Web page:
The President of Brammer Bio believes Scotland must find a way to retain foreign talent post-Brexit if it expects to be at the forefront of scientific discovery in the future.
Mark Bamforth – who is due to speak at next week’s Entrepreneurial Scotland conference at Gleneagles Hotel – had expected to work in the north-east oil and gas industry for his entire career until the 1986 oil crash saw him lose his job at Britoil.
Instead of trying to re-enter a struggling industry, Mr Bamforth decided to move to the US and diversify into biotechnology, where he would find success through pharmaceuticals and then gene therapy.
He founded Brammer Bio in 2015 and now serves as president and chief executive of a rapidly-growing group that now boasts a workforce of 360 people. As such, Mr Bamforth knows how it feels to be a foreign scientist in a foreign land and says he understands the value of talent, irrespective of origin.
“Keeping foreign talent is the food stock of companies continuing to grow,” Mr Bamforth said.
“After Brexit, I assume that a lot of European funding will dry up and this definitely has the potential to have a big impact.
“Scotland produces a lot of science graduates. I think that retaining talent is really important and that has to start by guaranteeing people the right to stay.”
Mr Bamforth sits on the board of Entrepreneurial Scotland and is a Saltire Foundation founding trustee. His connection to the Saltire Foundation, in particular, means he understands the importance of allowing talented scientists and students to work where they can learn and experience the most.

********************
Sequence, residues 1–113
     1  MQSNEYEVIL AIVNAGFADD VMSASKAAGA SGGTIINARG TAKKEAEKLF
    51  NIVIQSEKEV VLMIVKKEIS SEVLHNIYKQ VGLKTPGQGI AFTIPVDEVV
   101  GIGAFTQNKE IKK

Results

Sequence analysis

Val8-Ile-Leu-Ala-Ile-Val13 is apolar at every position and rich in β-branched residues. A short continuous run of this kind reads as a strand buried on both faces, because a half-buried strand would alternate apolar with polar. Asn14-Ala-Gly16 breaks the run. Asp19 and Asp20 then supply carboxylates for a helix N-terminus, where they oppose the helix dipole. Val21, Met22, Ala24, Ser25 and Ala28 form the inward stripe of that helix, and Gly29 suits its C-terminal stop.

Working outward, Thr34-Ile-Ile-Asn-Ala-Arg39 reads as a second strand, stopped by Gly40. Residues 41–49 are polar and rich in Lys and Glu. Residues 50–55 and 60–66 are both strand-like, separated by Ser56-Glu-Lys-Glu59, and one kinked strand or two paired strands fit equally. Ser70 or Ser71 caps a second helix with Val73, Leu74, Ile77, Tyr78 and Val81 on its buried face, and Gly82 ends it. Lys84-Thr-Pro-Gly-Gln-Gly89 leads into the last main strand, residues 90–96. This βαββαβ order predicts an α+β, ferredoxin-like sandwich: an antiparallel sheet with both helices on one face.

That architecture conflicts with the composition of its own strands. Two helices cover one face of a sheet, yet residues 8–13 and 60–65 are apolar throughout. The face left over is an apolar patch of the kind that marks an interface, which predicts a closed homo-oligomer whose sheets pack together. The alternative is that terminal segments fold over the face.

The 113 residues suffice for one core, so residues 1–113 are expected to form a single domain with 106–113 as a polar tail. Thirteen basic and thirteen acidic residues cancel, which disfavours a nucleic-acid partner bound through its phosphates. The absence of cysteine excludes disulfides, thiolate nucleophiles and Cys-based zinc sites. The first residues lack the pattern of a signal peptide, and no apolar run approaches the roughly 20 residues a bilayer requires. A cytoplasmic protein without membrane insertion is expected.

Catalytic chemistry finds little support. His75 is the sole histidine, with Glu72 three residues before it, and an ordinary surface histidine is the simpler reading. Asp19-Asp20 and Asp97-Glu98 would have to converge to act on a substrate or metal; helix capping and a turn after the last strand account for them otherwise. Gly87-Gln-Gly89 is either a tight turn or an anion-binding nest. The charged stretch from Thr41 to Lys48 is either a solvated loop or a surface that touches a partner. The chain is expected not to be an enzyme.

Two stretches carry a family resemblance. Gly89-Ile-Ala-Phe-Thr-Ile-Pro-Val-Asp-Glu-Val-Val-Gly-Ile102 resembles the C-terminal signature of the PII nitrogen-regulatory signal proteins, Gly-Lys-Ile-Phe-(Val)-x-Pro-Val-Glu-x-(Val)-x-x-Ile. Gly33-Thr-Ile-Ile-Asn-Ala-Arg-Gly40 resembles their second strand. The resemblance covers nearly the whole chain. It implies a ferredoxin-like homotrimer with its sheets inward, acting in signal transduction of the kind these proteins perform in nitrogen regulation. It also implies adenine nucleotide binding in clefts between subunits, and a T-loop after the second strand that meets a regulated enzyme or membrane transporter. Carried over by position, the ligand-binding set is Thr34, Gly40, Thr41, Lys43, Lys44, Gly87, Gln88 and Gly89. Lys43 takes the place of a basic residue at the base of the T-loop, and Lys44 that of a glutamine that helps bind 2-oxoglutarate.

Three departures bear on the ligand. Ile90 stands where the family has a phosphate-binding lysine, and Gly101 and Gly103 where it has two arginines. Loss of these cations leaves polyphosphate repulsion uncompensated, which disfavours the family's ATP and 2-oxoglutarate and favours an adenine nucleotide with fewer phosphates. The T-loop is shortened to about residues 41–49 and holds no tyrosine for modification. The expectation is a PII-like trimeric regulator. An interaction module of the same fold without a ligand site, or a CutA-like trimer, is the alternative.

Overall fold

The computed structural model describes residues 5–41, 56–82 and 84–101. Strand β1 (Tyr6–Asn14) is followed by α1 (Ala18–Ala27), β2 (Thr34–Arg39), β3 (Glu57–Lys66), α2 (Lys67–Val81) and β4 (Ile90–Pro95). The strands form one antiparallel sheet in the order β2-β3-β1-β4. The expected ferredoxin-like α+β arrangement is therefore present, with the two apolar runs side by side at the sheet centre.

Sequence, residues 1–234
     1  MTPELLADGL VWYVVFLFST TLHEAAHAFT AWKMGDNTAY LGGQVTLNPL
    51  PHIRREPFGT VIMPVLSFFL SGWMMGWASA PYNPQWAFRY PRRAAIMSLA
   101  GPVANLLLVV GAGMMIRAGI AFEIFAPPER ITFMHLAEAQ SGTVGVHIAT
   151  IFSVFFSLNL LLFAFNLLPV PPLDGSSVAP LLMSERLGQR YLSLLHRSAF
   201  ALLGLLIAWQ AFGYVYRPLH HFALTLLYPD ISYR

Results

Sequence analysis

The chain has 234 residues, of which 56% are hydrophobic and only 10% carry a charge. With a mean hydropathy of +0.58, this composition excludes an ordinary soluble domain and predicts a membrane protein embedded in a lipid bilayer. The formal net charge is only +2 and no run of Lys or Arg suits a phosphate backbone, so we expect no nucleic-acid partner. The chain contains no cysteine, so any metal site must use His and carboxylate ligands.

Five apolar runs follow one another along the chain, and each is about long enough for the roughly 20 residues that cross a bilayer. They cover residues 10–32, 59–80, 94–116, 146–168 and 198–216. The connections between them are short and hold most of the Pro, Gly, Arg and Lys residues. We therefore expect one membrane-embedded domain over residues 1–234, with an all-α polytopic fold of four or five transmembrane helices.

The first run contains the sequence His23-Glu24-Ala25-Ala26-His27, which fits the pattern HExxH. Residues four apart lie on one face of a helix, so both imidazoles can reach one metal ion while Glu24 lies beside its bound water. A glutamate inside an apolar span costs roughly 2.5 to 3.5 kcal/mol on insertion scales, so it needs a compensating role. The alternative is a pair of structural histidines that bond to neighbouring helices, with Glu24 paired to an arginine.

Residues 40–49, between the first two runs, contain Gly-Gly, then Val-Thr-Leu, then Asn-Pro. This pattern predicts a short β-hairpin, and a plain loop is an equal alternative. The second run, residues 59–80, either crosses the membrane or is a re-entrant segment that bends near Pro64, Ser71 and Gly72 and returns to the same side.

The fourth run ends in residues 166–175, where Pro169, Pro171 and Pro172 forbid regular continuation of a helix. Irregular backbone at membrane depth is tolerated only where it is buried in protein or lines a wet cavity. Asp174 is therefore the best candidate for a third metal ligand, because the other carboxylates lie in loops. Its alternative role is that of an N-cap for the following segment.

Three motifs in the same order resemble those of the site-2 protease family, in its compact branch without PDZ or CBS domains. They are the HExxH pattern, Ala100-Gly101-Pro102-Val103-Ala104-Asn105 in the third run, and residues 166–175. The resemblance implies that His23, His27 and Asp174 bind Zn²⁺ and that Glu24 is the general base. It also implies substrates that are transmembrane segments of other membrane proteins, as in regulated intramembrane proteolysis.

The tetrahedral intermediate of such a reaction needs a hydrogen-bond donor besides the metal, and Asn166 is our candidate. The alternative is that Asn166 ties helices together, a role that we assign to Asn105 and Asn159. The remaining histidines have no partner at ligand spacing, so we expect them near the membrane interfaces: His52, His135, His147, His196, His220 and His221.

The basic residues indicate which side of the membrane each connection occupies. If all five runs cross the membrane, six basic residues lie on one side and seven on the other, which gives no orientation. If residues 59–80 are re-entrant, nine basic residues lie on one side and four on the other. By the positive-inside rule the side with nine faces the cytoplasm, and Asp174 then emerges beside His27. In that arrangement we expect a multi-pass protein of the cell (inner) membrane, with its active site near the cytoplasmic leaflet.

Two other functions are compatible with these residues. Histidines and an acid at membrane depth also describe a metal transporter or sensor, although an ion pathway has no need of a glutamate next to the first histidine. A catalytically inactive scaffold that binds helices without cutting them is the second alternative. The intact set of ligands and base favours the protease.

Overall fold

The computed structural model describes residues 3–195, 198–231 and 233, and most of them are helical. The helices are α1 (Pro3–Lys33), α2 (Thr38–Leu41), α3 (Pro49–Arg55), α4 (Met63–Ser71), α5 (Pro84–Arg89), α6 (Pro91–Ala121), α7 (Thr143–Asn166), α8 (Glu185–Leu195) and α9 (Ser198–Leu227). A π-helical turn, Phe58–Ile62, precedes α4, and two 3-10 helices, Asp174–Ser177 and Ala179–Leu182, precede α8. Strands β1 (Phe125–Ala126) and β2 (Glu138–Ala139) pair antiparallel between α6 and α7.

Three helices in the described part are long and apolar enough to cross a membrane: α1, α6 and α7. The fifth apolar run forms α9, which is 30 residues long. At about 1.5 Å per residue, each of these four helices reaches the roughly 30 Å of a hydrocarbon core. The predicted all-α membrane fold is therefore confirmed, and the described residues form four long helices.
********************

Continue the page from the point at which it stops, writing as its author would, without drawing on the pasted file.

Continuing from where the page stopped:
Each year the Saltire Foundation intern scheme takes 180 students in their final year from across Scotland and Europe and places them in internships across five continents.
“That’s one of the things that we kept talking about and was a catalyst for the creation of the Saltire Foundation.
“I’ve taken many into my company and it can be eye-opening for them and inspire their careers back in Scotland.
“We’ve seen some great success stories where people have gone on to run successful businesses in Scotland.
“There’s a great talent pool of Scottish and European students within the scheme.”
Mr Bamforth said he was concerned about how future events might impact all students, whether they are from the UK or not, claiming the full impact of Brexit on Scotland’s science and medical sector wouldn’t be known for another few years.
“People get sick irrespective of the economy. But Brexit will certainly have an impact.
“There’s a lag effect as projects mainly last for three years and there’s a continuous refreshing of new products.
“Long-term work provides stability to businesses so we need to safeguard talent.”
More details on the 2018 Entrepreneurial Scotland conference – which is being sponsored by Cazenove Capital and which The Courier, The Press & Journal and Energy Voice are supporting as co-media partners – is available by visiting www.entrepreneurialscotland.com.